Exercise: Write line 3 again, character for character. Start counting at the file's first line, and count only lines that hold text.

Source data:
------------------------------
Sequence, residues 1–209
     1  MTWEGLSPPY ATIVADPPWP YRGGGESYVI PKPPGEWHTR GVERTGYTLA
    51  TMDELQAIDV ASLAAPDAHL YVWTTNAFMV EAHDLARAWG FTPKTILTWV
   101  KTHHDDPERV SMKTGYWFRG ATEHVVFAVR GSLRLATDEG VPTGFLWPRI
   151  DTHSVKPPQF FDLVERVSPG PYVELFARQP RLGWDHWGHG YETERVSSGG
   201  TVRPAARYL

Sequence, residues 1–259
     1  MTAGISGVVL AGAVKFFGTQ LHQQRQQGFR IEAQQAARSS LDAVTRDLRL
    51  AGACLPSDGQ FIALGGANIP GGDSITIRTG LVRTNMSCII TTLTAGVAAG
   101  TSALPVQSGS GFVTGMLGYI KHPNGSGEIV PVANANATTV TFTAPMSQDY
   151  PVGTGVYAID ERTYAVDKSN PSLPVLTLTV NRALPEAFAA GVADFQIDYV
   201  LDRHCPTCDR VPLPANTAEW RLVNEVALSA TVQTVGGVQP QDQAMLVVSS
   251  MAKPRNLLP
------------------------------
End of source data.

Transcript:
    51  TMDELQAIDV ASLAAPDAHL YVWTTNAFMV EAHDLARAWG FTPKTILTWV